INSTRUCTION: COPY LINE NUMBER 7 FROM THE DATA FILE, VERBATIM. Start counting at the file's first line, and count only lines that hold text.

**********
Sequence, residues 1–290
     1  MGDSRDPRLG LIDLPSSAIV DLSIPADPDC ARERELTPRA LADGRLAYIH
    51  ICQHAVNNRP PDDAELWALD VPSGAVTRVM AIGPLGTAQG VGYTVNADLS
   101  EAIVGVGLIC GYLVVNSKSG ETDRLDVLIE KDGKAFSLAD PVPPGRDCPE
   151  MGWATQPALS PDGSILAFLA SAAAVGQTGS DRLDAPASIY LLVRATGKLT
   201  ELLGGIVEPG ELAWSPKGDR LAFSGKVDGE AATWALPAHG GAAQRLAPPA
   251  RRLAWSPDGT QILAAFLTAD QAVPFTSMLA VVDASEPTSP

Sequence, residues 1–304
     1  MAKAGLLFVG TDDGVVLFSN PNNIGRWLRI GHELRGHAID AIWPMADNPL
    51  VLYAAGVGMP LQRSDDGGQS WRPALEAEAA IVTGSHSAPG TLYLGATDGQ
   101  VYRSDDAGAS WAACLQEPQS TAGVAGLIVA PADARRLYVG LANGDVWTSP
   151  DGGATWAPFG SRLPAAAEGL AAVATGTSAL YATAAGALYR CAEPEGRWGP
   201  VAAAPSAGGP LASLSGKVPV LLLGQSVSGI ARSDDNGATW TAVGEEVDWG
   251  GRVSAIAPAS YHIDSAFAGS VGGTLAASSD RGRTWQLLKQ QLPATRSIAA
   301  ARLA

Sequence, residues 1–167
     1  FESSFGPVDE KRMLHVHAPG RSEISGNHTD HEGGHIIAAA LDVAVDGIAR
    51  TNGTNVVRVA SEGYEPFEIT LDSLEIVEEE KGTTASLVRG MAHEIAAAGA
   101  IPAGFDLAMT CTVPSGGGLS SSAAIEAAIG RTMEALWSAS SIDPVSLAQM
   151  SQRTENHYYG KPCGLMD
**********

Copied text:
   251  RRLAWSPDGT QILAAFLTAD QAVPFTSMLA VVDASEPTSP